E3 2012 is racing at full steam, and already one thing is clear: Sony, for all its PlayStation 3 might, has a challenge on its hands from Microsoft and Nintendo. Whereas gaming so far has centered around a single, big screen and the most engaging, graphically-rich or multiplayer-involving titles, two of the three players have opened the door to multiple screens. Sony may have stitched together PS3 and PS Vita, but it’s looking increasingly left behind as its arch rivals each make their play.
On the one side is Nintendo, taking advantage of the touchscreen integrated into its primary Wii U controller to deliver a DreamCast-on-steroids style companion display. Nintendo’s initial demonstrations of the Wii U were somewhat half-hearted in their use of the secondary screen; a golf game where the slate, on the floor, showed the tee as you swung a Wiimote club was eye-catching, yes, but hardly delivered a long-term immersive experience.
The Wii U of E3 2012, however, is a far more enticing prospect. Games, social and entertainment are all on the roster, with the promise of Netflix, Hulu Plus, YouTube and more on the Gamepad’s screen. While Sony’s Vita integration with its main console amounts mainly to the same titles being compatible on each – allowing Vita gamers to play against their PS3-owning friends – Nintendo’s controller promises an altogether more info-rich experience of two displays for one player.
Microsoft has taken things even further with Xbox SmartGlass. The new multi-screen system will not only spread streaming media across Xbox 360, smartphone, tablet and Windows 8 PC, but allow each to turn into a game controller or show contextually-related information. We’ve dug deep into SmartGlass’ potential in our SlashGear 101 feature, but Microsoft is quite obviously making a play for a market that doesn’t necessarily prioritize gaming above home multimedia, and which might not normally consider adding an Xbox 360 to its shopping list.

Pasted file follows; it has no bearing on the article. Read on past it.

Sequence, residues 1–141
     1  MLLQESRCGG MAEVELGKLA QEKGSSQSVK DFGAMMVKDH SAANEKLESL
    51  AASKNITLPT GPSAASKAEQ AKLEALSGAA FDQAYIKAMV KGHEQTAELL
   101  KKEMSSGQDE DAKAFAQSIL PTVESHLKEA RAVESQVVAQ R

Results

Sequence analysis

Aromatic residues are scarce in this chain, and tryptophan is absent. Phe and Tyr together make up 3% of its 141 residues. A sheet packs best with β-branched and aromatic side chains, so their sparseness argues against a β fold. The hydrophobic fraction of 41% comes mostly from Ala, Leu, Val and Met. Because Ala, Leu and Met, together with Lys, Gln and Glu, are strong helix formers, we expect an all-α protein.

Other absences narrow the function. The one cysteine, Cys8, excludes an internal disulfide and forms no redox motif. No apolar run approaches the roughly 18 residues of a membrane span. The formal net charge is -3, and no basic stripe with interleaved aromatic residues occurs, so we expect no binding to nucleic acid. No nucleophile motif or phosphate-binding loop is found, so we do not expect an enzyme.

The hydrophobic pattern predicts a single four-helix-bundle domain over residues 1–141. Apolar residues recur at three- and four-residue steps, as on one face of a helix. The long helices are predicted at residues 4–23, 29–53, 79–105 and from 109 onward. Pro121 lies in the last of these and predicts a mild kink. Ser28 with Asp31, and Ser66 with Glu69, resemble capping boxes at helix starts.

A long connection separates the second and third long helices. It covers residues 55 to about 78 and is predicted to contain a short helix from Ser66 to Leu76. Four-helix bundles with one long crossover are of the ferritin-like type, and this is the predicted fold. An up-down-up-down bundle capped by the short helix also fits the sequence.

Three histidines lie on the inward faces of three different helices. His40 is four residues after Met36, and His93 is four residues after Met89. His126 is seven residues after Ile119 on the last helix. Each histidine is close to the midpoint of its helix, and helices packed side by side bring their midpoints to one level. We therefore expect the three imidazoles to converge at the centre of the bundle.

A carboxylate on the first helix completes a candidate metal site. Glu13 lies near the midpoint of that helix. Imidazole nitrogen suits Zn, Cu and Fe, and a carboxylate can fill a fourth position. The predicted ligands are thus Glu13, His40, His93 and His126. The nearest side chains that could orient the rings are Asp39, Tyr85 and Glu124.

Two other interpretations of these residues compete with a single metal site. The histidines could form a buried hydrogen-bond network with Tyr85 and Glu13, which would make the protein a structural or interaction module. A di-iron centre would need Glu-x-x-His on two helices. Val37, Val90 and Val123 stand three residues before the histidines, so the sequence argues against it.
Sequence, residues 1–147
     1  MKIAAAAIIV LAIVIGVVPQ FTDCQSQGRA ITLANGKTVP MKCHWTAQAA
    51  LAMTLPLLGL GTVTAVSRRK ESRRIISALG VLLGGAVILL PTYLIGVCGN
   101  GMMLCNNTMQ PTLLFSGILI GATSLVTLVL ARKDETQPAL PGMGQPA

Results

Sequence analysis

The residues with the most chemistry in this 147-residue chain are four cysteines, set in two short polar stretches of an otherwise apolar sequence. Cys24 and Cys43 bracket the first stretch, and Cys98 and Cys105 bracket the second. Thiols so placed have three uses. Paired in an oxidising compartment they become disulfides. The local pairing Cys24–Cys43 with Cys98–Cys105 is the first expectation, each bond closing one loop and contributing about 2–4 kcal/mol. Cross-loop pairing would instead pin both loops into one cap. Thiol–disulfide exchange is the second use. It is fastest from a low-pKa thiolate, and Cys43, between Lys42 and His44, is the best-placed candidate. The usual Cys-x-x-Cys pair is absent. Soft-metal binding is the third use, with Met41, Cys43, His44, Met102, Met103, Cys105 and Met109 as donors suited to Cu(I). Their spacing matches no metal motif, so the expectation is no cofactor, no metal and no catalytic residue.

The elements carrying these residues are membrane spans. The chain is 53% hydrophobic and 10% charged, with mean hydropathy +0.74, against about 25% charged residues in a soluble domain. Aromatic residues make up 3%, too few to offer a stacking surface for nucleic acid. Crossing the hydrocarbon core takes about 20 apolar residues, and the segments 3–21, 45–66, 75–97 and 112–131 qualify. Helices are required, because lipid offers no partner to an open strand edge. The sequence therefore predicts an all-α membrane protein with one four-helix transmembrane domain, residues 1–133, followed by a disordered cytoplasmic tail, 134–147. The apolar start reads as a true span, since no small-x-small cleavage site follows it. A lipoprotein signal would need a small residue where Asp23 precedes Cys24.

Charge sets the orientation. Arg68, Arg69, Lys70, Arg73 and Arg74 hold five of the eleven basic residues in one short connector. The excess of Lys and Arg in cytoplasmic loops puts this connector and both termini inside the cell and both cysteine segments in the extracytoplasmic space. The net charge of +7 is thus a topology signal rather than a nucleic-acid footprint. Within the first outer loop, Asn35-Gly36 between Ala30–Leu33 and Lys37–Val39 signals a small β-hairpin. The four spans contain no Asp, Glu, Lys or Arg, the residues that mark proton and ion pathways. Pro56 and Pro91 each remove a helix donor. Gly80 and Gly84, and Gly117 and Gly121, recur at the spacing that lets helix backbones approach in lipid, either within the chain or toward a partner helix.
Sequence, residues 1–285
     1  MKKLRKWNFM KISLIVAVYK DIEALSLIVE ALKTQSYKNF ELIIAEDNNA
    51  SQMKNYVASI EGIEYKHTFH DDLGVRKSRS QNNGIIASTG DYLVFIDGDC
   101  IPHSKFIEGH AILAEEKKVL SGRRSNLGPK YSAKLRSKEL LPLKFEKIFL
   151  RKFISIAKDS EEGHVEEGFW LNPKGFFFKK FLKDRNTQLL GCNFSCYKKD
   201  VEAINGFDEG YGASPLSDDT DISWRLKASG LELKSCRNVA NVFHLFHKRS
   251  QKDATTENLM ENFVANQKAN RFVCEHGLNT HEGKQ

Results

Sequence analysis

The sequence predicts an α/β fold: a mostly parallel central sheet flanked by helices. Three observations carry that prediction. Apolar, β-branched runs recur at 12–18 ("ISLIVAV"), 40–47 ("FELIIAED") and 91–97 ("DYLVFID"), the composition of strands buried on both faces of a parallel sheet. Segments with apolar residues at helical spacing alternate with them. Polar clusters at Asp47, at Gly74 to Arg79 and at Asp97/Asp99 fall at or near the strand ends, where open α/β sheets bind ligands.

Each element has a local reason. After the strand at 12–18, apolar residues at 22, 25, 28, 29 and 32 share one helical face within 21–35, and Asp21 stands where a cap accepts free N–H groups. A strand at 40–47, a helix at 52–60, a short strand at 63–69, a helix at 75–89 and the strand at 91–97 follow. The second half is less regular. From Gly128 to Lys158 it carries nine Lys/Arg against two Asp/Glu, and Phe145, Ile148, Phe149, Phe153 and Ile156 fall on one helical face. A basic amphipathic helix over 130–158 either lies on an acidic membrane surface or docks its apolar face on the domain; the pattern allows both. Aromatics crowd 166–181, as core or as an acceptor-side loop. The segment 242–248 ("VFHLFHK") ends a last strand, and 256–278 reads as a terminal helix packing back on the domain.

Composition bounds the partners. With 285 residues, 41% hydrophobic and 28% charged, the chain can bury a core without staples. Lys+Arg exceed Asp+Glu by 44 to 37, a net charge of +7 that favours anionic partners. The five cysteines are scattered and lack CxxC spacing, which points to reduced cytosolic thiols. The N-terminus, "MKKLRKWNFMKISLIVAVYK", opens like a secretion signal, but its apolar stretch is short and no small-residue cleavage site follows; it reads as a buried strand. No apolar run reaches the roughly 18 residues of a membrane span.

The real irony is that, of all of the big three gaming players, it’s Sony that already had the most pieces in place. The company may have had to acquire Sony Ericsson so as to take total control of its “four-screen strategy” but, when it comes to tablets and PCs, it had a head-start on Microsoft and certainly Nintendo.
That it has so singularly failed to capitalize on that is testament more to Sony’s own struggles to rediscover profitability and focus than it is the shakiness of a “four-screen strategy.” As tentatively enthusiastic reactions to both the Wii U tablet and Xbox SmartGlass have demonstrated, users are ready and willing to think in terms of multi-device ecosystems rather than siloed content.
What it has precious little of is time. Nintendo has recommitted to having the Wii U on the market – or select markets, at least – by the 2012 holidays. Xbox SmartGlass arrives even sooner, with Microsoft promising its launch this fall. Sony, meanwhile, is still yet to convince us that, even with its PlayStation certification for Android devices, it can even begin to deliver a convincing cross-platform experience that’s anywhere near to being as joined-up as Nintendo’s and Microsoft’s appear. Sony has many of the pieces it needs to rectify that, but it needs to act fast if it doesn’t want to find PlayStation being left behind as a game-centric brand while Xbox and Wii U dramatically broaden their appeal.